Part of the problem that this issue has is Lemire has to catch us up with a ton of stuff - it takes about eight pages before we even see the poorly named Justice League Dark, and even then, they're in only about six pages of story. Instead, Lemire has to touch upon Pandora's Box, the death of Doctor Light, the incarceration of Superman, not to mention three different Justice Leagues. Indeed, just as the last issue of Justice League of America focused more on the original Justice League than the actual titular characters, this issue focuses more on Superman, Wonder Woman and the JLA.
Unfortunately, with so many characters on board, that means that many of them just get perfunctory appearances, rather than anything that feels organic or pushes the story forward. Green Arrow going AWOL from Amanda Waller, for example, doesn't really add much to the plot, and lines from Cyborg, the Martian Manhunter, the Atom and Element Woman just feel tacked on. And with all the additional dialogue clutter from all these extraneous characters, some big beats in the book - namely, Batman and Wonder Woman going head-to-head over what to do next, or the Phantom Stranger suggesting to speak with Doctor Light in the afterlife - wind up going almost completely unnoticed.
Artwise, Mikel Janin is rocking a little bit of that Dale Eaglesham vibe, mixed with a little bit of Pete Woods (particularly the way that Jeromy Cox colors his art). But like Lemire, Janin gets bogged down with the sheer number of characters he has to pack on every page - as a result, the backgrounds (already gray and muddy from Cox's coloring) wind up being pretty minimal, with a lot of shots of characters just standing and talking with one another. That said, Janin's take on Green Arrow looks pretty dynamic, and I really like the way he shows Superman straining to maintain his self-control in the wake of being infected with Pandora's Box. Still, it's a little bit of a case of too little, too late - because there's not much going on in the script besides exposition, there's not much going on visually, either. It's posing and assembling rather than actually doing much.
The other issue that seems to be holding "The Trinity War" back is it can't quite seem to decide what kind of story it wants to be. Is it the Secret Society launching its big assault on the heroes of the DC Universe? It is the Justice League of America finally getting their big break against the original League? Is it Pandora, the Phantom Stranger and the Question finally shedding some light on the secrets of the New 52? Right now, the answers are slim, and it winds up making this arc feel like a crossover for crossover's sake, more of a collection of action figures rather than something that truly requires three Justice Leagues. Without that kind of set direction, Justice League Dark just feels out of place, even in its own series.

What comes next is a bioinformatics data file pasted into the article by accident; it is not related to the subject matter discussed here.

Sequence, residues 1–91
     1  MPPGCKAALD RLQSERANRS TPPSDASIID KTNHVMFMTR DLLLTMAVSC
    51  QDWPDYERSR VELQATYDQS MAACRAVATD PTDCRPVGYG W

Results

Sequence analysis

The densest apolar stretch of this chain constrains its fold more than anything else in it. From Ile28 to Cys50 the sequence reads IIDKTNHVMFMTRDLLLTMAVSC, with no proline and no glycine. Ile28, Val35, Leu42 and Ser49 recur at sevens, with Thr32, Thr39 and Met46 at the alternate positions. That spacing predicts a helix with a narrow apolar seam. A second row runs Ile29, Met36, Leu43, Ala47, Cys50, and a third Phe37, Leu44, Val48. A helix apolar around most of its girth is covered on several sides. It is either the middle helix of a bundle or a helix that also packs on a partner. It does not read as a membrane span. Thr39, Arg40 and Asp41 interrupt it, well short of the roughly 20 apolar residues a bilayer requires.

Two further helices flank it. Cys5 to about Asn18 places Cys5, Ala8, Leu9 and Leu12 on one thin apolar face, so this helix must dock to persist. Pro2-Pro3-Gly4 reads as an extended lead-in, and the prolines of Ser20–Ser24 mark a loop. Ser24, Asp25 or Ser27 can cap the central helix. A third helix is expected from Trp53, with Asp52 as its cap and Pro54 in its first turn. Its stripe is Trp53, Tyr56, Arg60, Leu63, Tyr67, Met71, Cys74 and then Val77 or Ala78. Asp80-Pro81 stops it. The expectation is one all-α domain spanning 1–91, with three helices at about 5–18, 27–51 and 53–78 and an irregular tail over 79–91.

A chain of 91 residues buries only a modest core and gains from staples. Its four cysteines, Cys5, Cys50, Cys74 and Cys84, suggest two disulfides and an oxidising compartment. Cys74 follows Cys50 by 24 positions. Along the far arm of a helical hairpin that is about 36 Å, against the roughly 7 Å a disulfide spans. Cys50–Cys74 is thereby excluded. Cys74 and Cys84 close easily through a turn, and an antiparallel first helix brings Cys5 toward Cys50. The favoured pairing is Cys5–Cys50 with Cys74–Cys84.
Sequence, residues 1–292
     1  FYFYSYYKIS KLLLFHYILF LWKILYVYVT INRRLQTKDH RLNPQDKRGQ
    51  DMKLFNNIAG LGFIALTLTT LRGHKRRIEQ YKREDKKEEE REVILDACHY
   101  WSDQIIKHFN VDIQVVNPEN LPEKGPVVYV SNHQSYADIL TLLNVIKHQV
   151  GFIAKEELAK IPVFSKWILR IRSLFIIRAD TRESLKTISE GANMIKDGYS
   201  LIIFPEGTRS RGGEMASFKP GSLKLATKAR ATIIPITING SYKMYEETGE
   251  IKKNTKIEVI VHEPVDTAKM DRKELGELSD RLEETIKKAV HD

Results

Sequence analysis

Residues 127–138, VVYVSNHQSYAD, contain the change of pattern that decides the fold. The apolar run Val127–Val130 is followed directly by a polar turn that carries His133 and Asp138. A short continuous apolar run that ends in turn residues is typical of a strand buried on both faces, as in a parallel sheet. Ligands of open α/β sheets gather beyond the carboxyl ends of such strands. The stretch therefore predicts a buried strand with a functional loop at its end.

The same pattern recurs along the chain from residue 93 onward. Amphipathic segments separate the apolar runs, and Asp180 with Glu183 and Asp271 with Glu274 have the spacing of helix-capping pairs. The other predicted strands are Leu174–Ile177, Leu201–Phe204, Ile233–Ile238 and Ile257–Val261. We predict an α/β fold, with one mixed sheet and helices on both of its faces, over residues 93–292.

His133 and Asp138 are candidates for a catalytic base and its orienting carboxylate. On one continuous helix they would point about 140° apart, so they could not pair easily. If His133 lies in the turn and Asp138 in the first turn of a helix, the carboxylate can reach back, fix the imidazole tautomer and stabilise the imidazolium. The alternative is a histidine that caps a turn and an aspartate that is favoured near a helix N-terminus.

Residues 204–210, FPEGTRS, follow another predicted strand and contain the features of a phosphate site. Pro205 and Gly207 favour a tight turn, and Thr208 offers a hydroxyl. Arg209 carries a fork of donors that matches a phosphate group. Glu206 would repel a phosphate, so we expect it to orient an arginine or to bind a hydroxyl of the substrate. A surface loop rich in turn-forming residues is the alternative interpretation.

Written by Andy Diggle
Art by Aaron Campbell and Bill Crabtree
Letters by Simon Bowland
Published by Dynamite Entertainment
Review by Rob McMonigal
'Rama Rating: 8 out of 10
Biting the hand that fed him freedom, Weaver takes off, relying on his wits and special power to get him out of the country before his debtors collect their pound of flesh, but it’s hard to beat the rap when the deck is stacked against you. The gambling table might not be the only place where Weaver’s luck has run out as this series follows up a strong debut issue with a solid effort that deepens the mystery.
The great thing about this issue is that right from the start, writer Andy Diggle immediately zigs when the reader expects him to zag. Instead of sending Weaver directly to his mysterious benefactor, we see him try once more to go it alone, with results that aren’t any better than his first attempt. The resulting story this issue could have dragged down the overall narrative, but instead Diggle moves quickly, showing Weaver trying to get out of the country by any means possible. Without a single flashback, Weaver’s character is built upon in these scenes. He’s independent, self-serving, and uses up people as it suits him. In the past, that’s been enough, but not now. Even better, with this latest encounter, Weaver learns the true toll his actions collect on others by touching someone in a critical moment.